You have to realize that I grew up in non-profits. So I started everything at United Cerebral Palsy Association. I started sports there. That’s when I got into the Paralympics. I started working at summer camp. I worked at the UCP office. The director at the time was a Black lady with CP. I was like, oh my God, you know, because back then, this is in the eighties, I didn’t see Black disabled people, not Black disabled elders. I was like, oh my God. So, and my mom set that up, and my mom’s like yeah, you go to UCP Center.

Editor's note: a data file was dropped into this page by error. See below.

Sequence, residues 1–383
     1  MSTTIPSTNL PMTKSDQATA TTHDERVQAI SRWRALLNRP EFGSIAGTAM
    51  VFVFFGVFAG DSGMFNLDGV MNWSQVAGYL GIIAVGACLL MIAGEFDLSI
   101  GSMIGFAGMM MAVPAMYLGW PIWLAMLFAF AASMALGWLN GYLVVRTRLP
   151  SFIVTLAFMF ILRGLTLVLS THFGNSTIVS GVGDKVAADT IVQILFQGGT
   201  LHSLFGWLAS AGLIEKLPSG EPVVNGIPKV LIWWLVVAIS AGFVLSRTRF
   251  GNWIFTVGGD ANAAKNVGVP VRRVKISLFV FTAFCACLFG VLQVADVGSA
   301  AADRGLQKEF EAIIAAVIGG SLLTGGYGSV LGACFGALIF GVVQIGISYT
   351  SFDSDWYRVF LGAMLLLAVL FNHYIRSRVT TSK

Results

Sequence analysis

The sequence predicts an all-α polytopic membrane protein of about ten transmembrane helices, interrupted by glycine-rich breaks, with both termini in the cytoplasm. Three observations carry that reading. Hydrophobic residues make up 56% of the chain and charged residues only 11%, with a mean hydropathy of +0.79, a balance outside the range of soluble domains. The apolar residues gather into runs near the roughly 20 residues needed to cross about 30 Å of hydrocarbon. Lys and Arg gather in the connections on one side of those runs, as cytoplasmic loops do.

I did volunteer work, and all that stuff. So when I moved to the San Francisco Bay area, I continued to work in these agencies and my sister’s like, Leroy, stop, you’ve been working at these agencies for decades. And start your own stuff. So with that, and plus the experience, the experiment that we did, I was like, ok, this is it. Plus I came back from UK and I saw a Black disabled woman in the UK. I was like, oh my God, this is heaven! You know, so when I came back, I was like, ok, I can’t go back to working with these non-profits. I did that for years. So that’s when I started my own organization called Disability Advocates of Minorities Organization. And we did advocacy. We did art. We had an art arm called New Voices, Disabled Poets and Artists of Color. And it lasted for four or five years. I just got sick of doing grants. That’s a downfall of doing a non-profit, is that you end up writing grants all the time. You’re not doing programs. You’re writing grants just to make your organization stable. And I just got tired of it. So that’s why I started my own organization.